We love January. It’s a time for fresh starts, which makes it a perfect opportunity to do a financial planning check-up so you can achieve your savings and retirement goals for 2019 and beyond.
Many people start the new year with the intention of doing a better job at managing their money. Unfortunately, a 2018 survey by personal finance website NerdWallet found that 47 percent of the respondents did not achieve their New Year’s resolutions tied to financial goals.
Successful financial planning is the result of having the discipline to follow through on several important steps. With tax season just around the corner – and all the work needed to collect and organize your W-2s, 1095 health insurance forms and 1099 dividend income forms – why not use this time to get your financial house in order?
Here are four financial planning tips to get you started:
Step 1: Create a budget
If you haven’t already, make 2019 the year you commit to creating (and sticking to) a budget. Most everyone knows the benefits of having a budget, yet the simple truth is most people don’t have one. Creating a written budget helps you visualize – and hopefully attain – your financial goals and prioritize your saving and spending.
There are plenty of free online budgeting tools and retirement calculators that can help, but it all starts with reviewing what you earn and what you spend. Gather up your 2018 bank and credit card statements and your W-2s and make a detailed list of your income and expenses.
The goal is to find out what your cash flow really is and look for areas to cut back expenses where warranted. You have the most control over discretionary spending (dining out, travel, buying extra clothes), so look at those closely. You’ll be surprised at how much you spend each week on coffee and lunch. Reviewing each expense – no matter how small – is the key to effective budgeting.
Step 2: Review your investments
Saving for or managing your retirement should be a priority for everyone. The time spent setting up a budget will guide you toward changes that may be needed to achieve your savings goal.
We recommend taking full advantage of your employer’s retirement plan – if one is offered – so you can maximize your contributions. Now’s a great time to consider boosting your contributions, which could have the added benefit of possibly lowering your taxable income. In 2019, the maximum contribution to a 401(k) increased by $500 so now is a perfect opportunity for you to save even more. If you do not have access to a company retirement plan, then open your own IRA so you can begin saving for retirement. Remember, you can make 2018 contributions to an IRA and Roth IRA until April 15, 2019, but not a 401(k) or similar plan.
Another important area to review is your investment portfolio. Over the course of a year, the market value of every security within your portfolio will change. A financial planner can provide you with recommendations on how to rebalance your portfolio so your investments are in line with your retirement goals and risk profile.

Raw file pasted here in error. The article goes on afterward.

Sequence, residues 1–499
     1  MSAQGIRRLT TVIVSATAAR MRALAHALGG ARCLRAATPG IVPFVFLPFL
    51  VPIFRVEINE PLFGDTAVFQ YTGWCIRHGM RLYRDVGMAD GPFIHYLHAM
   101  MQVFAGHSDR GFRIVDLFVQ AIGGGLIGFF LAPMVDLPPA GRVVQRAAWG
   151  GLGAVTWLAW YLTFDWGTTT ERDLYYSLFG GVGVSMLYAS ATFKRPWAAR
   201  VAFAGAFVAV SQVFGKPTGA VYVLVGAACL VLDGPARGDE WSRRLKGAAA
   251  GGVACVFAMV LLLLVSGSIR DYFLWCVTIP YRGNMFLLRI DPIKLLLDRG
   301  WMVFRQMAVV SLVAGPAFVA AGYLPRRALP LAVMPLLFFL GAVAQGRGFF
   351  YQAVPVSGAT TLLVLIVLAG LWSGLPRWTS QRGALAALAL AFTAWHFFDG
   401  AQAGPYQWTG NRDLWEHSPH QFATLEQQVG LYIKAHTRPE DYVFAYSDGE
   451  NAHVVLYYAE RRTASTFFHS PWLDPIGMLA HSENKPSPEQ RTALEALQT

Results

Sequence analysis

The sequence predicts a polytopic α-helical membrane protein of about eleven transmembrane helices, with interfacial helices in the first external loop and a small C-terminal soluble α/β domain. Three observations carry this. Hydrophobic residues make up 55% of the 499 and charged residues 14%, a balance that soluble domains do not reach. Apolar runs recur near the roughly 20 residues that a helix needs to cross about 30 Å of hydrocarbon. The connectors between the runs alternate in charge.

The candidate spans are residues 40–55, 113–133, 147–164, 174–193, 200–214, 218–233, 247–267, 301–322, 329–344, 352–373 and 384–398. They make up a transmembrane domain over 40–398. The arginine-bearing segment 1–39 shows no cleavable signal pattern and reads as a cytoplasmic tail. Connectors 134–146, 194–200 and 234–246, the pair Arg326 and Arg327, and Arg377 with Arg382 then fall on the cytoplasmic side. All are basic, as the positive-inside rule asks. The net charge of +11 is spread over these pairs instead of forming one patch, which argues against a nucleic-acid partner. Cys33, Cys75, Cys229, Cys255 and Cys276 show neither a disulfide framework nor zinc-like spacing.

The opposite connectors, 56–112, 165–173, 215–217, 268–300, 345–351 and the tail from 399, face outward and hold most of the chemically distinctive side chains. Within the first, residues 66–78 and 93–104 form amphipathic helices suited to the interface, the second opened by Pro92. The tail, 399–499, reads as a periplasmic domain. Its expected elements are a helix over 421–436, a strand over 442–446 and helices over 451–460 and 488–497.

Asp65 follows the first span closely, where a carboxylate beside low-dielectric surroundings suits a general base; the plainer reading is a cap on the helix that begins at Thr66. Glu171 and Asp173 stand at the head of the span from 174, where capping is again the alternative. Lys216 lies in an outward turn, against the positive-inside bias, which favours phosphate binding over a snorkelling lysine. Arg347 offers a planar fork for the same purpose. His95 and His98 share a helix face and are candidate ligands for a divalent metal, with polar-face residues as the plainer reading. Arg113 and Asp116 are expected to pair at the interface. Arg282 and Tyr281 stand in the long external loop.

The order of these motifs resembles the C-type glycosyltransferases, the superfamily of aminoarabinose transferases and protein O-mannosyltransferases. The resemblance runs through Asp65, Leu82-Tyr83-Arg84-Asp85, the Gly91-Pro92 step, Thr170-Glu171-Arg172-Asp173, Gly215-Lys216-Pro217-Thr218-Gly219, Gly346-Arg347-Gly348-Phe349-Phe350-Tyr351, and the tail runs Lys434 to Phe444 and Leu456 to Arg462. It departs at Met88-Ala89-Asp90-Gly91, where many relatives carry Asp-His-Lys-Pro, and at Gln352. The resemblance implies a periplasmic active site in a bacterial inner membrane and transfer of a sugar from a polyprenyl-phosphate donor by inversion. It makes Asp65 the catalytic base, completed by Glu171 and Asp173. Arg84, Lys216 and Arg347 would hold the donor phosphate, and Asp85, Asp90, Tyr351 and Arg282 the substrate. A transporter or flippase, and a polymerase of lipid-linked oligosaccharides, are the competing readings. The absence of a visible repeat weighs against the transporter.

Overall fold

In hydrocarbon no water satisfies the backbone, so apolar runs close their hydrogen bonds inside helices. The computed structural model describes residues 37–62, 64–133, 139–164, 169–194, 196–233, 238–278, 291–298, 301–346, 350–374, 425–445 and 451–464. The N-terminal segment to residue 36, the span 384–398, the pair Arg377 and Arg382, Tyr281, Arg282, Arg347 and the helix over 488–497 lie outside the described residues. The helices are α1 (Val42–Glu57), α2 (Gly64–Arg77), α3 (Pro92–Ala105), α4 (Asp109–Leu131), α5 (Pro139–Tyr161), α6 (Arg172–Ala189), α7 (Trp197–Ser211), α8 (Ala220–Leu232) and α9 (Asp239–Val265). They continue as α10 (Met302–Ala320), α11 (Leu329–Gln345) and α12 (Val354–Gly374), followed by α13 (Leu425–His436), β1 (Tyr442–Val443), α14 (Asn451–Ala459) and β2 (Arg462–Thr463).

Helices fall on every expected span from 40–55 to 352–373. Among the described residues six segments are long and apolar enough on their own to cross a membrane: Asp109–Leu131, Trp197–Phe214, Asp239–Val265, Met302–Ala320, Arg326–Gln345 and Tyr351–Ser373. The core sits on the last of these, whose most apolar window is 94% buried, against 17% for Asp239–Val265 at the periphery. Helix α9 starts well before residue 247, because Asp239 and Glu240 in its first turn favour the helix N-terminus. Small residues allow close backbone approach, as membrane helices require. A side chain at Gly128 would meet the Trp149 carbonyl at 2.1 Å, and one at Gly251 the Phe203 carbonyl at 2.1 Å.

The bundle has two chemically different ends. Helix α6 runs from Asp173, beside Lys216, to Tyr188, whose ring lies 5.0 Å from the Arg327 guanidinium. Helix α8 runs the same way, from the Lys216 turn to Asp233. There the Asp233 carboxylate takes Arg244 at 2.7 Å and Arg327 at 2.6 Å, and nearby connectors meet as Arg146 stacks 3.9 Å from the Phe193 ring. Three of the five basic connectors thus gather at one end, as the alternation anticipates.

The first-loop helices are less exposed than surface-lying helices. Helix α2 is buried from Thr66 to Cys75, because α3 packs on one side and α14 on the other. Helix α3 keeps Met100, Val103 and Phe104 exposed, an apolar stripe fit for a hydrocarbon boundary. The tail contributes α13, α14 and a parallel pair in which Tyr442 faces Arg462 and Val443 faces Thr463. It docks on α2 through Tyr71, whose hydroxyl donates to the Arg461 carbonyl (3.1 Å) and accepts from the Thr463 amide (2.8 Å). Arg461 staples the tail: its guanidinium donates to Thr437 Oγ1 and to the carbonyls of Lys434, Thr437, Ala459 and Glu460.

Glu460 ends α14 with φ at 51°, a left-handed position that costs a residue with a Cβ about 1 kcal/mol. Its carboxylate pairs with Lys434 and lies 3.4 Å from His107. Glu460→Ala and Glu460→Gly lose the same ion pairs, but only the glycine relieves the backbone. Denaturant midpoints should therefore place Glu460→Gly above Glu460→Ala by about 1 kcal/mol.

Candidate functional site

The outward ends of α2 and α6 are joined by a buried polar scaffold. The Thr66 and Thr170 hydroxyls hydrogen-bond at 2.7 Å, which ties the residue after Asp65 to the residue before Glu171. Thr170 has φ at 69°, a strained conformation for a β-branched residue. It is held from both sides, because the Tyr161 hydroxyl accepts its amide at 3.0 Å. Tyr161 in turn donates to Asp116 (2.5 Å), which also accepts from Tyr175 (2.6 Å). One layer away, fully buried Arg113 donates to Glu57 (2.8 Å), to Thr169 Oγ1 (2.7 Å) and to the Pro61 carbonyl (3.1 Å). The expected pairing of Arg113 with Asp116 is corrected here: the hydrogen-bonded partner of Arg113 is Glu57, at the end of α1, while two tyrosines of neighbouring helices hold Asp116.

If you’re more than 70 ½ years old and have retirement accounts, you will need to take your required minimum distribution (RMD) by the end of 2019. If not, you may face a tax penalty of 50 percent of your RMD. Your RMD is determined by your age and the year-end values in eligible retirement accounts, so make sure you are taking the correct amount each year. For those of you charitably inclined consider making a qualified charitable distribution to satisfy the RMD requirement for tax efficient gifting.
Step 3: Update your estate
You’ve created a budget and reviewed your retirement savings. Now it’s time to turn your attention to your estate (or to put a plan in place if you don’t have one).
When updating your estate planning documents, review not only the titling of your investments (stocks, bonds, mutual funds, real estate and other assets), but also the people who will manage your estate. This includes, for example, the executor of your will, who holds the power of attorney and who is serving as a trustee if you have a trust. Also review the beneficiaries in your estate documents.
Over the past year your circumstances may have changed in a way that may directly affect your estate plan, such as the birth of a child or grandchild; a marriage, divorce or death in the family; or a change in a charity, foundation or nonprofit designated in your will. Having a current plan in place will spare your family and loved ones the stress of having to make difficult decisions about your estate if something unfortunate happens to you.
Step 4: Check your credit report
This is a pretty simple, yet important step in getting your financial house in order. In addition to being a primary factor in being approved for a mortgage or other loan, your credit score is used by insurance companies and, in some instances, employers.
It’s smart to review your credit report every year to make sure it’s accurate. If you find problems, contact the appropriate parties to resolve any mistakes or disputes.
It’s never too late to work on your personal finances. While it will take a little hard work to build the right plan, the earlier you start, the sooner you’ll achieve your goals. Here’s to a great start in 2019!